I have been a fan of Adrian Lester for many years. Though I was aware of his extensive stage work, my actual introduction to him was in Hustle. A group of highly skilled con artists was led by the suave Mickey Stone (Lester). I remember thinking: “Look at this handsome Black guy, confident in his abilities and having so much fun!” I had graduated from drama school around the time I saw Adrian in Hustle. Authentic and talented representation is so important. Seeing Adrian do his thing so effortlessly in a role void of clumsy stereotypes gave me the encouragement I needed to smash any glass ceilings if necessary.

We first meet Arabella Essiedu with her lover in Italy, displaying pink hair, a beatnik cardigan and effortless wit while telling him: “All I’ve done is eat four-cheese pizza and a dick.” And from that moment on, I was sold! In the past few years, seeing a dark-skinned Black leading lady in a British drama has been as rare as … well, you may have seen a dodo first. But here Arabella was. Michaela Coel had given us our first Afropunk leading lady.

For those who aren’t familiar with the Afropunk festival, it began in New York and was aimed at Black people who felt, at times, othered in the Black community. People who go to Afropunk love hip-hop and dancehall music but also bands like Nirvana, Kings of Leon and Paramore; if they’re not LGBTQ themselves, they certainly see themselves as allies. We were told I May Destroy You was a drama about sexual consent but once you met Arabella and her friends Kwame and Terry, you knew it was much more than that. Coel gave us a human story that also expanded the landscape of what it means to be Black, British and on TV. We will all benefit because of it.

The Real McCoy gets mad thanks and mad props from me all day long. It was that funny and that inspiring. Its whole outlook and expression afforded me access to culture and context that, growing up Black outside London or any other UK Black cultural centres, I simply couldn’t get [enough of]. Only by seeing “us” did I really see me. And I definitely regularly deployed comedy from it as decoy flares for some of those heat-seeking schoolmates we all knew.

It’s strange to write about my love for A Different World, in the light of what we know about Bill Cosby. But it would break my heart to have his terrible crimes take this show away from me. As a teenager in the late 80s, I was just the right age to hero-worship the luminous eccentricity of Lisa Bonet as Denise Huxtable, and to dream of the fun and freedom of university. In an era when mixed-race representation felt absent, the young women in this series gave me permission to be the me I felt like back then: brown, middle-class, and a slightly hapless nerd.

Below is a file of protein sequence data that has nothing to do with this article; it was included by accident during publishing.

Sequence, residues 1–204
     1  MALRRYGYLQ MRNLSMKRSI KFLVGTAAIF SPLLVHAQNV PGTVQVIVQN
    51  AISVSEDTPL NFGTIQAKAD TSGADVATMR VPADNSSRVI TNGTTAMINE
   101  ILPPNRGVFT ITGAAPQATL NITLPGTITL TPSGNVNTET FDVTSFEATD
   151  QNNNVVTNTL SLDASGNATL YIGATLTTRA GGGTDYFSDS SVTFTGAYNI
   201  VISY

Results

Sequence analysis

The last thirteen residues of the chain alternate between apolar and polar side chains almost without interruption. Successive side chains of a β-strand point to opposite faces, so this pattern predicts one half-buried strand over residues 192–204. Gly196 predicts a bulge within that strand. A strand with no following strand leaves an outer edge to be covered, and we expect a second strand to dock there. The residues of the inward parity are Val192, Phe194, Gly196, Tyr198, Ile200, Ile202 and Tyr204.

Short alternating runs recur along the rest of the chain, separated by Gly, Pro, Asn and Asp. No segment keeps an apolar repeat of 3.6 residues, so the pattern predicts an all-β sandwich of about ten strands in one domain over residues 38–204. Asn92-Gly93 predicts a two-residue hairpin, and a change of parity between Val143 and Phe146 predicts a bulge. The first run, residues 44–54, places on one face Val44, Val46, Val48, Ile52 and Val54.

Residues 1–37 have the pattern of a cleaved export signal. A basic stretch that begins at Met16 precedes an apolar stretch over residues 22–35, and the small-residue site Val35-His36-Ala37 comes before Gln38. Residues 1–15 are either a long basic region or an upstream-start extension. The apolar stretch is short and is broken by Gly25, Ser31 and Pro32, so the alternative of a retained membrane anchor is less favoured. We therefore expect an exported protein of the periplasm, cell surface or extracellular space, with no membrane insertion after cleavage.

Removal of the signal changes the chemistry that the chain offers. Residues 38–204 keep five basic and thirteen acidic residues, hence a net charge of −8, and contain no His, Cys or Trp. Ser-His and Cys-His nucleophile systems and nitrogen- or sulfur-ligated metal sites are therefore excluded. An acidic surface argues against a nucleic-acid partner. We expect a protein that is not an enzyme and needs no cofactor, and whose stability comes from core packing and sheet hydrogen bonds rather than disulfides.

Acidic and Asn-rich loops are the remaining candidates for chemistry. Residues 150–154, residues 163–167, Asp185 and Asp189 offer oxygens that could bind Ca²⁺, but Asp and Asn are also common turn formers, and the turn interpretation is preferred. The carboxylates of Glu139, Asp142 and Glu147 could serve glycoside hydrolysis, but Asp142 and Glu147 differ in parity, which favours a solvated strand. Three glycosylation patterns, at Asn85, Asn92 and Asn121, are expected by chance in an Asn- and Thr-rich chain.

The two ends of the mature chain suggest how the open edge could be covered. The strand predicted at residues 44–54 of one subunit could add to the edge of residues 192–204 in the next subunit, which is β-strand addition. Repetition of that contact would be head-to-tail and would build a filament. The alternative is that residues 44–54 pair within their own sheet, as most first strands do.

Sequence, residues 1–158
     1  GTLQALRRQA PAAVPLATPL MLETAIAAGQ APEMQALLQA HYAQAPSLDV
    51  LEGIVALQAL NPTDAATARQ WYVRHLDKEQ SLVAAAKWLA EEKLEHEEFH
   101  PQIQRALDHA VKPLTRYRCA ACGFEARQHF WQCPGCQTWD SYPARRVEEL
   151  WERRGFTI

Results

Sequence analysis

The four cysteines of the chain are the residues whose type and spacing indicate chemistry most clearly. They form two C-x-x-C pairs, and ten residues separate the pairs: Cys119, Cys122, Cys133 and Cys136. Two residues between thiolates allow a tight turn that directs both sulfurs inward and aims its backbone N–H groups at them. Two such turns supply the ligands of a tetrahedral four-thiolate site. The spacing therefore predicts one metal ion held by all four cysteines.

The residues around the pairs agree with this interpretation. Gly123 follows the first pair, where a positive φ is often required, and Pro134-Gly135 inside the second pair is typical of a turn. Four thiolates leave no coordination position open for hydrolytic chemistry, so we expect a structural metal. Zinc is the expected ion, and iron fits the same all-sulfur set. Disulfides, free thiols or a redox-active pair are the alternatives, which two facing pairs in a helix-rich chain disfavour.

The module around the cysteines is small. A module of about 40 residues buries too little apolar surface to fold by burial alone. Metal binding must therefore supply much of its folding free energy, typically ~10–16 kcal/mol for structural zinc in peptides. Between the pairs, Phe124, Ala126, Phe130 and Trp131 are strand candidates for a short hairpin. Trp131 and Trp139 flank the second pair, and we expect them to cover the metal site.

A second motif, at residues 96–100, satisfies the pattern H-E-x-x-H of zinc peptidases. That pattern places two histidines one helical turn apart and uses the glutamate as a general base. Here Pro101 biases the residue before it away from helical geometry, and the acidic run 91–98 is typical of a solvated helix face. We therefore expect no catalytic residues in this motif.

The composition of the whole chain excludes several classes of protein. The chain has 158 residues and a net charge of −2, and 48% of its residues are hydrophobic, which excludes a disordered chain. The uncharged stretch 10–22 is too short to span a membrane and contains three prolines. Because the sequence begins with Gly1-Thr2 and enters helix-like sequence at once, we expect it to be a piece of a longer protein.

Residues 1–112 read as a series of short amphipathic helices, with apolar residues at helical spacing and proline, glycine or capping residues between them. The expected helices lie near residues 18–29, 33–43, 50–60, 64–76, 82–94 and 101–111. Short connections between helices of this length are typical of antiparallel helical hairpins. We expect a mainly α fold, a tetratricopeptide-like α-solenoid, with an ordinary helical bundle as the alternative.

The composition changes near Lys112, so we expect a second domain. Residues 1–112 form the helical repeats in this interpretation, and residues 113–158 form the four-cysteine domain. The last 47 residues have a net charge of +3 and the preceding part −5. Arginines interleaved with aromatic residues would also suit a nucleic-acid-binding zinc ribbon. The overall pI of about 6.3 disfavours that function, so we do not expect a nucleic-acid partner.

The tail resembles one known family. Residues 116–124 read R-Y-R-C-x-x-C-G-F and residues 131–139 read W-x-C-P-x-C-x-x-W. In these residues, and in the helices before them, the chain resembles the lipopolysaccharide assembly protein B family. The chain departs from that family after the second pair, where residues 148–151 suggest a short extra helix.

I was relatively late to Babylon, having first watched the film during my MA studies when it was finally released on DVD. The power in the film is captured in the final scene where Blue (Brinsley Forde) leads his Ital 1 Lion group in a south London soundclash.

While he sings, the young Black men barricade themselves in the hall as a police squad attempt to shut their soundsystems down. Its resonance is drawn from what we don’t see; the film ends with the police breaking through the barricaded door as Blue implores Black Britain to stand firm against police brutality. For me, it was an immersion into the race politics of the 1980s, and ignited my academic interest in the politics of Black British film.

Pick one favourite television show? I cannot. Television is my friend. I can write about laughing until we cry watching It’ll Be Alright on the Night with my mum and dad. Watching Peter Kosminsky’s Warriors and realising that television could make me feel like the air had been taken out of me, or Peter Bowker’s Flesh and Blood and understanding it could emotionally educate me, too. BBC Two’s The Buddha of Suburbia and Channel 4 drama in all its boldness – Queer As Folk, My Beautiful Laundrette – otherness made central. Counting Black people in adverts with my family to understand what was missing and later what was changing. I am the sum of everything on television I’ve ever watched and loved. And I love a lot.

Isaac Julien’s film is a beautiful homage to Black gay men in the US and UK. It was my introduction to the possibility that Black gay male desire and identity was not a modern phenomenon but always existed in Black culture in the past, and was beautifully Black. The experimental black-and-white film includes archive footage and erotic dream sequences, and the poetry of Langston Hughes, Richard Bruce Nugent and James Baldwin. Singer Jimmy Somerville makes a cameo. Stuart Hall’s voiceover is powerfully evocative. The film is testament to queerness in London before gentrification and homonormativity.